Jackson LJ dissented on the construction of CPR 3.9. He held that it did not require the two factors in CPR 3.9(1) (a) and (b) to be given greater weight than any other considerations, just that they be specifically considered in every case. The weight to be attached to those two factors is a matter for the court having regard to all the circumstances. They should be included among the matters to be considered, no more and no less.

Non co-operation and costs penalties

The court made it very clear that it is wholly inappropriate for litigants or their lawyers to take advantage of mistakes made by opposing parties in the hope that relief from sanctions will be denied and that they will obtain a windfall strike-out or other litigation advantage. Parties are required to help the court to further the overriding objective. Parties who opportunistically try to take advantage of a minor inadvertent breach and unreasonably oppose applications for relief act in breach of this obligation.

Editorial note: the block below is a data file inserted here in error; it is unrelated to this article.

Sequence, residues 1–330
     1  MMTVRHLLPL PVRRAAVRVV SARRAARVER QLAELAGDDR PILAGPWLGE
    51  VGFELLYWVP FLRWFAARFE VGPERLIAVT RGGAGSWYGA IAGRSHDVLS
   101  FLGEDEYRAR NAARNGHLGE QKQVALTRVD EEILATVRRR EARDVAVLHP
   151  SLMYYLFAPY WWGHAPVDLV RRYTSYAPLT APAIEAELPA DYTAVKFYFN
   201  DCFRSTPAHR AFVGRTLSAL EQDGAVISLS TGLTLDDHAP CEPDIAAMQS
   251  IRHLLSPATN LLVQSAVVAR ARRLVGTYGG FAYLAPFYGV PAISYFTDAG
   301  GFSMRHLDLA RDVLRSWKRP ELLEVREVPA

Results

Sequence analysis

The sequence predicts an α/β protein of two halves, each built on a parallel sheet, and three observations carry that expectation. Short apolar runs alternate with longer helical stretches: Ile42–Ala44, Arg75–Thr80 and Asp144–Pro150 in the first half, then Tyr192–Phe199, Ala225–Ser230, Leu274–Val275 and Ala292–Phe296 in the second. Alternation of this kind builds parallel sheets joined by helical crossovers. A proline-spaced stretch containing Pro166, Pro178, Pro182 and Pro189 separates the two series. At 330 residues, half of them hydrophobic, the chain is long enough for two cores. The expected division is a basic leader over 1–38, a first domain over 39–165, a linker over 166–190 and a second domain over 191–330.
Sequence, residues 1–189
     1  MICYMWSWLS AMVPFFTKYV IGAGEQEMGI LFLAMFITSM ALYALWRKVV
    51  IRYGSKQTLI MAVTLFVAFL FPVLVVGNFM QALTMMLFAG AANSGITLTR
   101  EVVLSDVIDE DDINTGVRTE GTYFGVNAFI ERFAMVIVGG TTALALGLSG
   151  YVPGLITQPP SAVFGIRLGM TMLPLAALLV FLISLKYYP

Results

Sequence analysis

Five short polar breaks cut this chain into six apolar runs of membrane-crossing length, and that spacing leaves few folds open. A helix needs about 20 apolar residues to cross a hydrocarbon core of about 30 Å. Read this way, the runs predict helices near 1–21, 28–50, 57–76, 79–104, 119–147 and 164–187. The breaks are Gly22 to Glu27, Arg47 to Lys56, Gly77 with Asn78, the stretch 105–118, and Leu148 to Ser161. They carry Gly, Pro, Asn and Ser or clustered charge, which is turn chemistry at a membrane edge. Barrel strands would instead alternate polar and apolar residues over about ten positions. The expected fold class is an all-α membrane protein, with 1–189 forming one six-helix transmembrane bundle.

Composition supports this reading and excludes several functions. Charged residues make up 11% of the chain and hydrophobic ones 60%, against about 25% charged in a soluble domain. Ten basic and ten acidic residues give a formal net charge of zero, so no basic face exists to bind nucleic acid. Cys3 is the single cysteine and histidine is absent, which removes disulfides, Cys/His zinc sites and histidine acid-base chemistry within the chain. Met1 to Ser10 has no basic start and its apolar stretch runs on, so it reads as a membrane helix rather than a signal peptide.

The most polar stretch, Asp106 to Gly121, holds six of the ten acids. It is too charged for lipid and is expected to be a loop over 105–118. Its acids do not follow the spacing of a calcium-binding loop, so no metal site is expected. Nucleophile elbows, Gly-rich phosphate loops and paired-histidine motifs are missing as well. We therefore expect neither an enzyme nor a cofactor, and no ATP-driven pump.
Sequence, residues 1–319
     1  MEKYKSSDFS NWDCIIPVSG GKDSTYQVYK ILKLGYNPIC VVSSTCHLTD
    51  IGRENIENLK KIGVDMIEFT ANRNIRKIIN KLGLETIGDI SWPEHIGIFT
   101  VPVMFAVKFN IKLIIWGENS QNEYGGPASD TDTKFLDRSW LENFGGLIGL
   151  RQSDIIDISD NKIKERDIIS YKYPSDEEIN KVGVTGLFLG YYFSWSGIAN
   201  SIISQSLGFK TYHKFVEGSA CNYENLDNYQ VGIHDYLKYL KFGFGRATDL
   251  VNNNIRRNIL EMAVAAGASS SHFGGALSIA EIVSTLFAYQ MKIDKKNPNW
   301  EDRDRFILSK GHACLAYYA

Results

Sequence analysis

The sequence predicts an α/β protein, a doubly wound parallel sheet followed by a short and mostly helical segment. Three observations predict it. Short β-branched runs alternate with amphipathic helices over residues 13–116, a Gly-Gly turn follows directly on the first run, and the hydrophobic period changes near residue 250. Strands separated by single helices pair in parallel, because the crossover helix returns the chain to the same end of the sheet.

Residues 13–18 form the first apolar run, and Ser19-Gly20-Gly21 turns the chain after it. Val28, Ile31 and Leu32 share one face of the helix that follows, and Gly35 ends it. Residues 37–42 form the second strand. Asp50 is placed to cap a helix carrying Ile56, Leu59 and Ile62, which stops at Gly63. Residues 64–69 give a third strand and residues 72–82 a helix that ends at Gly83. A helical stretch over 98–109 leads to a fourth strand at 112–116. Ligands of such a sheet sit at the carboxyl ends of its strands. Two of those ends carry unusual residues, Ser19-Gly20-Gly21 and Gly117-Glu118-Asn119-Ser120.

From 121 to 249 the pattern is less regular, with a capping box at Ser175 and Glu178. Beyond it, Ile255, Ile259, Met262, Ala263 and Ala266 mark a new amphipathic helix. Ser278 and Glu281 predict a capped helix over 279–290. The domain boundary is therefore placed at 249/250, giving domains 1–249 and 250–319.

If the failure is neither serious nor significant, where good reason is demonstrated or where it is otherwise obvious that relief from sanction is appropriate, the parties should agree that relief be granted without the need for further costs to be expended on satellite litigation. It should be the exceptional case where a contested application for relief is necessary.

The courts will be more ready to penalise opportunism in the future. Heavy costs sanctions - including indemnity costs - will be imposed on a party that fails to make a realistic assessment and unreasonably refuses to agree an extension or unreasonably opposes an application for relief.

Comment

The key message from the judgment is that although a culture of non-compliance will not be tolerated, relief should not be automatically denied where there has been a serious or significant breach without good reason; all the circumstances of the case should be considered.